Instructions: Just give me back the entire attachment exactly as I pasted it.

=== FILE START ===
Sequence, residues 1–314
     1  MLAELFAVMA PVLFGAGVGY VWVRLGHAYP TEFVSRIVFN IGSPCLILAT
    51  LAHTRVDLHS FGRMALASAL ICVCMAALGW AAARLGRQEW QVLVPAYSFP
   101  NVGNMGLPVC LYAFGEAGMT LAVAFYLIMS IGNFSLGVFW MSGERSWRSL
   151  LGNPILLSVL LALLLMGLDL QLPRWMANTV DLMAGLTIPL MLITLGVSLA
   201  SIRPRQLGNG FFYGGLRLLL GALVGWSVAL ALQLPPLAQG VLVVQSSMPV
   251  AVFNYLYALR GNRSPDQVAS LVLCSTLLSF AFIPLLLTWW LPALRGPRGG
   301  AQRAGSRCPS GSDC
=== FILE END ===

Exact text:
Sequence, residues 1–314
     1  MLAELFAVMA PVLFGAGVGY VWVRLGHAYP TEFVSRIVFN IGSPCLILAT
    51  LAHTRVDLHS FGRMALASAL ICVCMAALGW AAARLGRQEW QVLVPAYSFP
   101  NVGNMGLPVC LYAFGEAGMT LAVAFYLIMS IGNFSLGVFW MSGERSWRSL
   151  LGNPILLSVL LALLLMGLDL QLPRWMANTV DLMAGLTIPL MLITLGVSLA
   201  SIRPRQLGNG FFYGGLRLLL GALVGWSVAL ALQLPPLAQG VLVVQSSMPV
   251  AVFNYLYALR GNRSPDQVAS LVLCSTLLSF AFIPLLLTWW LPALRGPRGG
   301  AQRAGSRCPS GSDC